Scilly’s Happy Bees Need More Attention Says Expert

Scilly’s beekeepers need to spend more time looking after their colonies and that investment could pay off with increased honey production or bees for exporting to replenish mainland hives.

That’s the opinion of Colin Rees, the president of the Cornwall Beekeeping Association.

He’s been visiting beekeepers on St Mary’s and St Martin’s this weekend to investigate a problem with queen rearing, as part of an AONB-funded project.

From Radio Scilly

Colin Rees talks about Scilly’s bees

Scilly’s bees haven’t been affected by the varroa mite and there have been suggestions that bees here could restock mainland hives.

Colin says he doesn’t think that will happen soon because too many people are fitting in beekeeping around other work and can’t devote time to it.

But it is possible. He said more people have expressed an interest in beekeeping and with the right education process in place, he thinks this could be a sustainable industry for the islands in the medium to long term.

Colin said the poor breeding of bees here was thought to be due to the weather and limited genetic stock.

He says the wind here can certainly be a problem as the queens find it difficult to mate under those conditions. If the queens cannot mate the colony will die.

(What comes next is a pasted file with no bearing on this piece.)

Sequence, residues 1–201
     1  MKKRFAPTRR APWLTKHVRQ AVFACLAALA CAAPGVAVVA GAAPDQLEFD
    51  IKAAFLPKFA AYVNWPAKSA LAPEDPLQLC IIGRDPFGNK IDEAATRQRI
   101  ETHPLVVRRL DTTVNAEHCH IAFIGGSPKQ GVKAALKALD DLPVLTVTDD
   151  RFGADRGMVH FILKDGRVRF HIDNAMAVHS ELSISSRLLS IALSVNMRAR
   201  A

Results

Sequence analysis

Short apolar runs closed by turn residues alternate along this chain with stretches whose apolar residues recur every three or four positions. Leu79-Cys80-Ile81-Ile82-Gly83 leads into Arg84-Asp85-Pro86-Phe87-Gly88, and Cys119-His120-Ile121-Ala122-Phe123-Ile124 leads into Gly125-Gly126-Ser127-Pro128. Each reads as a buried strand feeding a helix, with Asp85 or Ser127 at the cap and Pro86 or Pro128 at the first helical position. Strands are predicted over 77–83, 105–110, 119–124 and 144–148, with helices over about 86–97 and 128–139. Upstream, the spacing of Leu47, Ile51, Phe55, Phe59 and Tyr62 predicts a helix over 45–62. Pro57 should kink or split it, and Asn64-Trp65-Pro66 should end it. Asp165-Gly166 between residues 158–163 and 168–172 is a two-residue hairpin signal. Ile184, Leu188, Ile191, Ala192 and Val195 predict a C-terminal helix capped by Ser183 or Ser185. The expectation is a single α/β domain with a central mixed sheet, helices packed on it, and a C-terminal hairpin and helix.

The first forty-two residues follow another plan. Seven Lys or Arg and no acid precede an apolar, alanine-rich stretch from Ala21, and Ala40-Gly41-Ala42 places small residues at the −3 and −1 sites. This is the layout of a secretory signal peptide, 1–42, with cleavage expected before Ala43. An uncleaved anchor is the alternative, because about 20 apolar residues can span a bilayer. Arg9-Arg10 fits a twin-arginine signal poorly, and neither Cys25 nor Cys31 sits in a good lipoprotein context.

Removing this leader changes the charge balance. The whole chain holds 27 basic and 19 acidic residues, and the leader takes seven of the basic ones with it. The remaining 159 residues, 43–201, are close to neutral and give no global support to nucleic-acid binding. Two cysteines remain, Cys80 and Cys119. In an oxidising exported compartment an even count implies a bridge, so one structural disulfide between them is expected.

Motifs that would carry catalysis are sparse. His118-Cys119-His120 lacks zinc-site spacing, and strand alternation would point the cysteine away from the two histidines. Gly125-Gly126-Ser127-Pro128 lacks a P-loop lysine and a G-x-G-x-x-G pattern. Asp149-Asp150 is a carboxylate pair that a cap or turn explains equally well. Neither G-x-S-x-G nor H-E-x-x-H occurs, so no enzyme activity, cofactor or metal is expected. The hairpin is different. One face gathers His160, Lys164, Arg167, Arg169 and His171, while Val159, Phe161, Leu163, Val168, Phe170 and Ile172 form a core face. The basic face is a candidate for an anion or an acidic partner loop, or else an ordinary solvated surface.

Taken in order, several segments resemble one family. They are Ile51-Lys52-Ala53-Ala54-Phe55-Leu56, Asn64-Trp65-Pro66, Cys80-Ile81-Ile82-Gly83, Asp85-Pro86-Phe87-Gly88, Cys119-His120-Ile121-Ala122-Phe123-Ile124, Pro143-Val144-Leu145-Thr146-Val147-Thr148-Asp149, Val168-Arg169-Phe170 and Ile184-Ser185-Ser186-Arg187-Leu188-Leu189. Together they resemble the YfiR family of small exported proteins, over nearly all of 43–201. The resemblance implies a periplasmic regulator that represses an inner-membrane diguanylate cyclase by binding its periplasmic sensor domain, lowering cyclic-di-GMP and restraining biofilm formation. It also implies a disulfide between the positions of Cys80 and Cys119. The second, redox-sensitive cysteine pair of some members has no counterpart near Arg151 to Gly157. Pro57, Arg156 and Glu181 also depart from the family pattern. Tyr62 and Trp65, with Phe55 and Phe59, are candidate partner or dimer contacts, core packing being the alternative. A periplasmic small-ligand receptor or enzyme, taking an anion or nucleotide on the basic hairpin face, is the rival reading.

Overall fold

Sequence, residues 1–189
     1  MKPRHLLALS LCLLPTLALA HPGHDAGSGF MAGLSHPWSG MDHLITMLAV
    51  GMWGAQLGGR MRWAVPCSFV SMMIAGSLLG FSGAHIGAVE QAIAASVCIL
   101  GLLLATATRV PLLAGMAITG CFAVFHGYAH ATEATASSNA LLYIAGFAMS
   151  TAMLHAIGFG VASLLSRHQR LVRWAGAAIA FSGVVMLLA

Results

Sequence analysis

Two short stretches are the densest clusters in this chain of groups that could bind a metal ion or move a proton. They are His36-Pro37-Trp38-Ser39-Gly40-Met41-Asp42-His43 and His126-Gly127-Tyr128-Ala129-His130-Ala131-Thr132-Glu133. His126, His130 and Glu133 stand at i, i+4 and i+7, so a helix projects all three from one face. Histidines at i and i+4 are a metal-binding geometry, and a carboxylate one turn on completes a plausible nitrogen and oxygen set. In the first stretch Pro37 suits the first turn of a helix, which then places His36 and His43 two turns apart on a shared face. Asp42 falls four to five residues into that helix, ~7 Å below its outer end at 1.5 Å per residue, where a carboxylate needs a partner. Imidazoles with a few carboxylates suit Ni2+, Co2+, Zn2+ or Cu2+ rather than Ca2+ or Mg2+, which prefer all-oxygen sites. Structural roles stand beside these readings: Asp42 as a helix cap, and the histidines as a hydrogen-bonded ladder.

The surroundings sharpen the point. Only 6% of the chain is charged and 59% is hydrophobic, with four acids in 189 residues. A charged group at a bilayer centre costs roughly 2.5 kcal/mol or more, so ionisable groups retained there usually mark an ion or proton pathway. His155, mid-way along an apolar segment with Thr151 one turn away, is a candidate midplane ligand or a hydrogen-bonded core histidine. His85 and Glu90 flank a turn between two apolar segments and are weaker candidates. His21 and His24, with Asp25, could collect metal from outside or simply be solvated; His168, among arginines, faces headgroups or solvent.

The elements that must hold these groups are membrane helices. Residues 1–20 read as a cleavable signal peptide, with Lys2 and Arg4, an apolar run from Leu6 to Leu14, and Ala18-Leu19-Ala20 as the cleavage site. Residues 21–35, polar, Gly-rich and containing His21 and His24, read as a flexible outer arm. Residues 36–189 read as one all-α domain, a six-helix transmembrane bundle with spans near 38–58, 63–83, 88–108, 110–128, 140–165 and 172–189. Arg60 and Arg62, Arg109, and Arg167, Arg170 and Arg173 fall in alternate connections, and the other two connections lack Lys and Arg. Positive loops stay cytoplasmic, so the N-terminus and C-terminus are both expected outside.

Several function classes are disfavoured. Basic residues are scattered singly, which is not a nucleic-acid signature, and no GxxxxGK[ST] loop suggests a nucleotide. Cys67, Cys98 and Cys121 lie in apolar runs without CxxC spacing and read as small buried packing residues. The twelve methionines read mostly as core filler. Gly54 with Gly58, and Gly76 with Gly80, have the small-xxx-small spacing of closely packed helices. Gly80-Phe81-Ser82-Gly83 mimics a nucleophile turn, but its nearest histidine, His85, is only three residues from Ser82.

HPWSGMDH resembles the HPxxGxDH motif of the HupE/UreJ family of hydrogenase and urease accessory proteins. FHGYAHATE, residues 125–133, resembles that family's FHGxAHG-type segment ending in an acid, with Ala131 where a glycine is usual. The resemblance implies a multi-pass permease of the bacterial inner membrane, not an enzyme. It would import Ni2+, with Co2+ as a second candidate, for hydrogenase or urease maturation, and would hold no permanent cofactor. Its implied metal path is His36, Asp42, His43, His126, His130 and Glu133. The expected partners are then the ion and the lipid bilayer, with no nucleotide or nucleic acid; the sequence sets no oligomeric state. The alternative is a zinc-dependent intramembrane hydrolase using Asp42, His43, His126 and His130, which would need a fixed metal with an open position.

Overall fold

Scilly’s varied plants and flowers should give us a beekeeping advantage over the East coast of England, where often a single crop is intensively farmed.

The AONB have been encouraging people to buy local honey to avoid importing diseases to the islands, but it’s not easy to find local honey for sale.

Colin says it’s not due to food or environmental health regulations but possibly just a lack of production and he thinks there are simple things that could be done to enable colonies to produce more honey.

But there was one thing that Colin says is striking about our bees. He says the bees here are unusually calm and happy.

There was no aggression and stinging while he was handling the colonies during the weekend and he didn’t need to ‘smoke’ the hive in the way he would on the mainland.

Colin thinks this could partly be due to the lack of varroa here, which weakens the bees and makes them stressed and he added he’d love to have our bees back at home.